From the blurb "The Bookworm" sounded like an exciting spy mystery with deep historical roots. That's why I took it on for review. I liked the historical aspect of a WWII British agent placing a book in front of Hitler and seeing the ramifications. In 1940 a British agent places a book at a monastery where he knows Hitler will find the book. That's exciting. Then in 2017 Dictaphone cylinders are found and put into the hands of Larissa Klimt to listen to. She's a historian. That's exciting. Where the book goes from there is not so exciting.
I feel that "The Bookworm" had so much promise and fell flat when it came to character development and believability. I felt that some characters were just caricatures and not fleshed out. Larissa's "friend" Pavel was a caricature of a Russian guy who did some hacking. The USA president and his wife were caricatures of Trump and Melania. Her almost ex was a caricature of a playboy military man. None of them had the depth that they could have had.
There were two main times and several main settings. Larissa has a twin brother who works in the oil fields in Alaska. His work there comes up with some oddities that he discusses with Larissa. His finding tie in with events happening in Larissa’s life. Each of the people in her life ends up being a piece of an overall chess board in her head. With bits of information here and there she’s able to predict how events will turn out and play them to her advantage. I did like Larissa and the way her mind worked. I would love to see her become a familiar character digging up historical clues and solving historic mysteries.
I did enjoy reading about the conversations in the Dictaphone cylinders. That was really exciting and mysterious. I just wish that same exciting vibe would have been kept in the current day book setting. Instead we got thinly veiled salacious gossip in a time when most of us are cleaning our Facebook pages of political hate on both sides. Let's get back to the exciting bits of mystery, suspense and the bad guys.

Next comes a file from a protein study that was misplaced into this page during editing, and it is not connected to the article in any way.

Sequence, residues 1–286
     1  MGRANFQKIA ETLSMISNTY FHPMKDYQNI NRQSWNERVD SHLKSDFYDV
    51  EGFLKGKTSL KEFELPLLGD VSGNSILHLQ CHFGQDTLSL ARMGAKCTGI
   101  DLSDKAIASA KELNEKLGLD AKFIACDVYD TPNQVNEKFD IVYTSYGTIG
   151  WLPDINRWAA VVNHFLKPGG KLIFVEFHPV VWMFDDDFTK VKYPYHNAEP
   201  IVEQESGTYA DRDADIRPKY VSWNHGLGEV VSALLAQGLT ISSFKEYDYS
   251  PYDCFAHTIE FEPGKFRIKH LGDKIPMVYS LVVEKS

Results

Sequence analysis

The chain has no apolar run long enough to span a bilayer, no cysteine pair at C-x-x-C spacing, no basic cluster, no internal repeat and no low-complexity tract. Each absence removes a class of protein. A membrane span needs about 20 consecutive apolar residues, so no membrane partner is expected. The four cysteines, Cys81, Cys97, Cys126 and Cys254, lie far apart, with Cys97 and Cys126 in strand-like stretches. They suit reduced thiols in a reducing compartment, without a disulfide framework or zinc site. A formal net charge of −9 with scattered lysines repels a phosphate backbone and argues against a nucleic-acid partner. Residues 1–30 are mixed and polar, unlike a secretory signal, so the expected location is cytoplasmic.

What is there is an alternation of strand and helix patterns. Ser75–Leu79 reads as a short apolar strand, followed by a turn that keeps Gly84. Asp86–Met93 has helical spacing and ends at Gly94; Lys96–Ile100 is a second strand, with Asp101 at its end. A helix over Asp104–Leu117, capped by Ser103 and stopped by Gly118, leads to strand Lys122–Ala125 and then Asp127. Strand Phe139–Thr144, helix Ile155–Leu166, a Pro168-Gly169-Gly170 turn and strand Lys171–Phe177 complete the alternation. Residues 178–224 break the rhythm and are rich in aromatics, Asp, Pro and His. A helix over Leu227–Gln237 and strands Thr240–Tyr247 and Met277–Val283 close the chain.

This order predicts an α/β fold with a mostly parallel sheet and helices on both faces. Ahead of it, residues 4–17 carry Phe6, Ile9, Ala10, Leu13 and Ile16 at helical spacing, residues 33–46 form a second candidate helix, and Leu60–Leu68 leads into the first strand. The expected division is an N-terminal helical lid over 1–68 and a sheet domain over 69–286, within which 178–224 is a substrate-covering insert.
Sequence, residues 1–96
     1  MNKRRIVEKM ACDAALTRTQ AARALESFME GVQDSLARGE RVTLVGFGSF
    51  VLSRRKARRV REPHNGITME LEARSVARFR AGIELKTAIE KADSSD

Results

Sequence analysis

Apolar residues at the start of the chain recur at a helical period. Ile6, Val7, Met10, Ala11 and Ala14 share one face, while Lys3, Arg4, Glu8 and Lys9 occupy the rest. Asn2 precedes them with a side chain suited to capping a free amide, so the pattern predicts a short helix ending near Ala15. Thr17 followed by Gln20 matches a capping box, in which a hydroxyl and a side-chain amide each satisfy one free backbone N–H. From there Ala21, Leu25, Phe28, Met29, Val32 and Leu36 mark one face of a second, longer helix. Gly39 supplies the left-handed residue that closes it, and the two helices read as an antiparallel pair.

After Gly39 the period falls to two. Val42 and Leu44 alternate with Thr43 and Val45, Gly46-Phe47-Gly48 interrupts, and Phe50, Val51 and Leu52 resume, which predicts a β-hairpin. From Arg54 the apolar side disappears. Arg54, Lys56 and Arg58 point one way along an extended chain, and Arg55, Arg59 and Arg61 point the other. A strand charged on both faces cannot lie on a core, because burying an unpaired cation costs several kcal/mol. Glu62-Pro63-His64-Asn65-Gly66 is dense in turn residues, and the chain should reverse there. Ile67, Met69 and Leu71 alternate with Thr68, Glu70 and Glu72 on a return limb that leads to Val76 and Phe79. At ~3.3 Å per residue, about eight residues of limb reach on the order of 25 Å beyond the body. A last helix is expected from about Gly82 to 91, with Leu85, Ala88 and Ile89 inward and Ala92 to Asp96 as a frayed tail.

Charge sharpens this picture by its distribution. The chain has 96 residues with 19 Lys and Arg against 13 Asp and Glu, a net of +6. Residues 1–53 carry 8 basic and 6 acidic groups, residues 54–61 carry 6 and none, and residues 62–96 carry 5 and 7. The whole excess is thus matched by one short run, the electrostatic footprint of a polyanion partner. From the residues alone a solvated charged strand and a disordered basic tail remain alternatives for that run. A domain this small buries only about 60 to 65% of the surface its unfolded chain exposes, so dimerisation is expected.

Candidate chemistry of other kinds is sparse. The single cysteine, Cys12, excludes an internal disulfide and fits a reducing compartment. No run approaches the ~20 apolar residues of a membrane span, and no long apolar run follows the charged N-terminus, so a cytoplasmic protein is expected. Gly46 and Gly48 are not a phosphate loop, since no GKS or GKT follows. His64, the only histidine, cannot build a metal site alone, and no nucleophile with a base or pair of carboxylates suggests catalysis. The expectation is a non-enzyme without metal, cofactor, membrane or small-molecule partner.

A stunning and surprising new thriller, Mitch Silver’s latest novel takes readers from a secret operation during World War II—with appearances by Noel Coward and Winston Churchill—to present day London and Moscow, where Lara Klimt, “the Bookworm,” must employ all her skills to prevent an international conspiracy.
Why did Hitler chose not to invade England when he had the chance?
Europe, 1940: It’s late summer and Belgium has been overrun by the German army. Posing as a friar, a British operative talks his way into the monastery at Villers-devant-Orval just before Nazi art thieves plan to sweep through the area and whisk everything of value back to Berlin. But the ersatz man of the cloth is no thief. Instead, that night he adds an old leather Bible to the monastery’s library and then escapes.
London, 2017: A construction worker operating a backhoe makes a grisly discovery—a skeletal arm-bone with a rusty handcuff attached to the wrist. Was this the site, as a BBC newsreader speculates, of “a long-forgotten prison, uncharted on any map?” One viewer knows better: it’s all that remains of a courier who died in a V-2 rocket attack. The woman who will put these two disparate events together—and understand the looming tragedy she must hurry to prevent—is Russian historian and former Soviet chess champion Larissa Mendelovg Klimt, “Lara the Bookworm,” to her friends. She’s also experiencing some woeful marital troubles.
In the course of this riveting thriller, Lara will learn the significance of six musty Dictaphone cylinders recorded after D-Day by Noel Coward—actor, playwright and, secretly, a British agent reporting directly to Winston Churchill. She will understand precisely why that leather Bible, scooped up by the Nazis and deposited on the desk of Adolf Hitler days before he planned to attack Britain, played such a pivotal role in turning his guns to the East. And she will discover the new secret pact negotiated by the nefarious Russian president and his newly elected American counterpart—maverick and dealmaker—and the evil it portends.
Oh, and she’ll reconcile with her husband.